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DENVER (KDVR) — With a new year comes new laws in Colorado. Legislators passed dozens of new laws during 2021 sessions.

Here’s a list of laws going into effect in 2022, according to the Colorado General Assembly.

Unless otherwise noted, the laws listed below went into effect on Jan. 1.

HB21-1317– Marijuana

The act requires the Colorado school of public health to do a systematic review of the scientific research related to the possible physical and mental health effects of high-potency THC marijuana and concentrates using only funding provided by the general assembly.

The act creates a scientific review council to review the report and make recommendations to the general assembly. Based on the research and findings, the Colorado school of public health shall produce a public education campaign for the general public, to be approved by the council, regarding the effect of high-potency THC marijuana on the developing brain and mental health.

SB21-088– Sexual Misconduct

The act creates a statutory cause of action for a victim of sexual misconduct that occurred when the victim was a minor. The victim may bring a civil claim against the actor who committed the sexual misconduct and against an organization that operates or manages a youth-related activity or program (youth program) if the organization knew or should have known of a risk of sexual misconduct against minors and the sexual misconduct occurred while the victim was participating in a youth program managed by the organization.

The act waives sovereign immunity for the claim so a victim may bring a claim against a public employee or public entity that operates a youth program, including an educational entity operating an educational program or a district preschool program.

SB21-073– Sexual Misconduct

Under existing law, the statute of limitations to bring a civil claim based on sexual assault or a sexual offense against a child is 6 years, but the statute is tolled when the victim is a person under disability or is in a special relationship with the perpetrator of the assault.

The act defines sexual misconduct and removes the limitation on bringing a civil claim based on sexual misconduct, including derivative claims and claims brought against a person or entity that is not the perpetrator of the sexual misconduct.

The statutory period to commence a civil action described in the act applies to a cause of action that accrues on or after January 1, 2022, or a cause of action accruing prior to January 1, 2022, so long as the applicable statute of limitations has not yet run as of January 1, 2022.

HB21-1211 (July)- Jails

Beginning July 1, 2022, the act prohibits a local jail with a bed capacity of over 400 beds from involuntarily placing an individual in restrictive housing if the individual meets any one of the following conditions:

  • The individual is diagnosed with a serious mental illness or is exhibiting grossly abnormal and irrational behaviors or breaks with reality or perceptions of reality indicating the presence of a serious mental illness;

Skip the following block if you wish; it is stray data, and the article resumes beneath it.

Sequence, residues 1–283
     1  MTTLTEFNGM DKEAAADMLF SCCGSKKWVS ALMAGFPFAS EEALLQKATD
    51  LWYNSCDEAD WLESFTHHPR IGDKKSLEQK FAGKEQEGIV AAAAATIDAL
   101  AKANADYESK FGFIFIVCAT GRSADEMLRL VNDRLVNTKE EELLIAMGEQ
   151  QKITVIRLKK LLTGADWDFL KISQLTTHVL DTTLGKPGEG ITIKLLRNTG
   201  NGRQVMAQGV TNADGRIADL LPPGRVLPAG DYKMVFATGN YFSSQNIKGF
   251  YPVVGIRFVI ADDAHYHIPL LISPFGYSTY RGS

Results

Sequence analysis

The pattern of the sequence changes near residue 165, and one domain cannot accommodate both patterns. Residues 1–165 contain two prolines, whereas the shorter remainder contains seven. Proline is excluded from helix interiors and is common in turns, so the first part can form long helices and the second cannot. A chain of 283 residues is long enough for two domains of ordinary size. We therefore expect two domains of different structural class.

• The individual has self-reported a serious mental illness or suicidality, or is exhibiting self-harm, unless a licensed mental health professional or psychiatrist evaluates the individual and finds serious mental illness is not present;
  • The individual has a significant auditory or visual impairment that cannot otherwise be accommodated;
  • The individual is pregnant or in the postpartum period;
  • The individual is significantly neurocognitively impaired by a condition such as dementia or a traumatic brain injury;
  • The individual is under 18 years of age; or
  • The individual has an intellectual or developmental disability.

HB21-1239– Dating Apps

The act states that, in addition to any other right to revoke an offer, a buyer has the right to cancel a dating service contract until midnight of the third business day after the day on which the buyer signs the contract.

A dating service contract must be set forth in writing, which, in the case of an online dating service contract, may be an electronic writing made available for viewing online. Each dating service contract must contain on its face, in close proximity to the space reserved for the signature of the buyer, a conspicuous statement concerning the buyer’s right to cancel the contract.

A dating service contract may not require payments or financing by the buyer over a period exceeding 2 years after the date the contract is entered into, nor may the term of any such contract be measured by the life of the buyer.

H.B. 21-1220– Child Support

Colorado child support commission – recommendations – establishment, calculation, and enforcement of child support orders. The act enacts the recommendations of the Colorado child support commission concerning the establishment, calculation, and enforcement of child support.

S.B. 21-91 (July)-Credit Cards

Sales or lease transactions – credit or charge card surcharge – maximum surcharge amount – notice required- violations. Under current law, a seller, lessor, or company issuing a credit or charge card is prohibited from imposing a surcharge against a person who elects to pay for a sales or lease transaction by using a credit or charge card. The act:

  • Repeals the prohibition; and
  • Limits the maximum surcharge amount per transaction to 2% of the total cost to the buyer or lessee for the sales or lease transaction or the merchant discount fee, which is defined as the actual fee that a seller or lessor (merchant) paysits processor or service provider to process the transaction

H.B. 21-1282– Mortgage Loans

Mortgage servicers – regulation by attorney general – appropriation. The act subjects mortgage servicers to regulation by the assistant attorney general designated by the attorney general as the administrator of the “Uniform Consumer Credit Code”.

A “mortgage servicer” is a person that is responsible for servicing a Colorado residential mortgage loan. Regulation of mortgage services includes the requirements of notification, record keeping, payment of fees, compliance with applicable federal laws, reporting, examinations, inspections, and enforcement. A violation of the requirements is subject to enforcement by the administrator, which may include an order requiring the payment of refunds to injured consumers, penalties, costs, and attorney fees.